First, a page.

Katie: It’s farther east but it’s still in Logan, like a little more northeast of here so it’s a little awkward to get to but it’s like Elston. But it’s a good space, I was there when they had The Rubs play like a month or so ago.
Nick: The Rubs are sweet.
Sergio: Yeah we just saw them last weekend.
Katie: Yeah they’re great, I just saw them on Thursday at the Abbey Pub at that Paul Cherry fest.
Nick: Oh was that cool?
Katie: Yeah, it was good, I didn’t see the whole thing, but I saw The Rubs, and Spike and the Sweet Spots, and they were cool. They played good covers of like “Where Did You Sleep Last Night” and stuff, it was kinda cool retro stuff and I think one of those guys is in The Yolks.
Sergio: Kenny probably. Kenny’s in every band. [Ed. note: Kenny Alden, aka the legendary “Luke Tokyo Drifter,” who I did not know at this point. Kenny is in Spike but not The Yolks. I was talking about Spencer Johnson, who is also in The Yolks. Kenny is in every other band though.]
Katie: Do you guys ever play at Emporium? Or do they not let you because you’re not 21?
Nick: Kelly [Nothing of The Lemons] was kinda starting to manage us when we were first becoming a band, and she’s just pretty much our booking agent I guess you could say. She was booking us shows and she was gonna book us shows there, but I think we couldn’t play there because we had work or some shit. But we could have played there a few times.
Katie: It’s a pretty good spot for bands, but I don’t know if they have a thing about being 21 or something.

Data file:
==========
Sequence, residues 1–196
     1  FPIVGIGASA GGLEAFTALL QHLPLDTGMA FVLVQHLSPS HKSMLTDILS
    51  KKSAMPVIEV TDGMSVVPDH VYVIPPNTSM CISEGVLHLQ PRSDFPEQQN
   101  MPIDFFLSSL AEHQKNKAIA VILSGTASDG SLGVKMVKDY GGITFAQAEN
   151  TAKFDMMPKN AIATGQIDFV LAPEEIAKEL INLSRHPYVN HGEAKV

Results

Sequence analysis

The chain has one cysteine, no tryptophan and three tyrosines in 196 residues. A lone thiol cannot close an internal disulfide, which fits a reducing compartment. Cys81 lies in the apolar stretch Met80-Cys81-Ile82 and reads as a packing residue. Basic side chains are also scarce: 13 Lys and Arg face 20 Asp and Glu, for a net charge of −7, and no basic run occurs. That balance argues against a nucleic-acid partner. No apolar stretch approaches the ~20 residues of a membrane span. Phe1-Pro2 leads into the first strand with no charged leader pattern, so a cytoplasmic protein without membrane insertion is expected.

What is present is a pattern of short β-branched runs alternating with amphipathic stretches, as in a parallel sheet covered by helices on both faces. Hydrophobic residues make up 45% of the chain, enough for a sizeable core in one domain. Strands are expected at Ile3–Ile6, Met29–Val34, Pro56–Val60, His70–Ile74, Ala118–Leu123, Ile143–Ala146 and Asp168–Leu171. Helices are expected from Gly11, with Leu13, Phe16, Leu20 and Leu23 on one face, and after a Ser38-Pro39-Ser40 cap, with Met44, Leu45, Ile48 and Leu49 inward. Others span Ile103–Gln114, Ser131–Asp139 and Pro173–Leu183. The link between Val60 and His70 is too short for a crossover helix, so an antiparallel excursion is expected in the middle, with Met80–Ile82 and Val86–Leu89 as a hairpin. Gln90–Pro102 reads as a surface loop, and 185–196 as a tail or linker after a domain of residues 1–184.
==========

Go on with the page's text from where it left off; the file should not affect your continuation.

Nick: No, usually venues don’t, Empty Bottle was cool.
Katie: Who did you play with there?
Nick: We played there a couple different times. I don’t remember that night at all.
Katie: Yeah, the Bottle is great.
Nick: That’s where I think our practice space is gonna be. It’s like right across the street.
Katie: Oh, cool. Good location. Where does Esteban live?
Sergio: He’s just down the street from me.
Nick: Yeah, we all live really close to each other.
Sergio: So, we had a band — we were talking about that older band, Star Spangled KGB — they were like our high school band. But yeah, I met [Nick and Esteban] because they skated. They started that as a two-piece, then I just kind of came on because I knew how to play guitar. That’s how that happened.
Katie: Oh, so that’s how you met them?
Sergio: Yeah, I don’t skate though.
Nick: Yeah, he was like “I can play guitar,” but we told him “no, you’re gonna play bass.” But he plays bass like he plays guitar.
Sergio: I don’t even know how to play bass.
Katie: So just kind of winging it? Well, that works. Kind of like what Kim Gordon was doing, and she’s awesome.